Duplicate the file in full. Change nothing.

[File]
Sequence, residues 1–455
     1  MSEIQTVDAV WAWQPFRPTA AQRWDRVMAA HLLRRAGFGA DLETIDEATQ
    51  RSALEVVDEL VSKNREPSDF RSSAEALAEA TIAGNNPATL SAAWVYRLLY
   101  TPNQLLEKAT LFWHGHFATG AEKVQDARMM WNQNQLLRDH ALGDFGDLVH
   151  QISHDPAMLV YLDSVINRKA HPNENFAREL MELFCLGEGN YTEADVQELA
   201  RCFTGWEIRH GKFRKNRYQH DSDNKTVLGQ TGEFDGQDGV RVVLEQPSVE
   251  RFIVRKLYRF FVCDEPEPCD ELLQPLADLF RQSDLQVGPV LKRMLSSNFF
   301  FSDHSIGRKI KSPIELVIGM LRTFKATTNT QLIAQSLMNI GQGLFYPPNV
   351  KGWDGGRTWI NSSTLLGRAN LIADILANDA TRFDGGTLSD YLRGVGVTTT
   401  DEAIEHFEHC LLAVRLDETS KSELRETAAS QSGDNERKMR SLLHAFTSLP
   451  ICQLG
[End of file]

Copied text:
Sequence, residues 1–455
     1  MSEIQTVDAV WAWQPFRPTA AQRWDRVMAA HLLRRAGFGA DLETIDEATQ
    51  RSALEVVDEL VSKNREPSDF RSSAEALAEA TIAGNNPATL SAAWVYRLLY
   101  TPNQLLEKAT LFWHGHFATG AEKVQDARMM WNQNQLLRDH ALGDFGDLVH
   151  QISHDPAMLV YLDSVINRKA HPNENFAREL MELFCLGEGN YTEADVQELA
   201  RCFTGWEIRH GKFRKNRYQH DSDNKTVLGQ TGEFDGQDGV RVVLEQPSVE
   251  RFIVRKLYRF FVCDEPEPCD ELLQPLADLF RQSDLQVGPV LKRMLSSNFF
   301  FSDHSIGRKI KSPIELVIGM LRTFKATTNT QLIAQSLMNI GQGLFYPPNV
   351  KGWDGGRTWI NSSTLLGRAN LIADILANDA TRFDGGTLSD YLRGVGVTTT
   401  DEAIEHFEHC LLAVRLDETS KSELRETAAS QSGDNERKMR SLLHAFTSLP
   451  ICQLG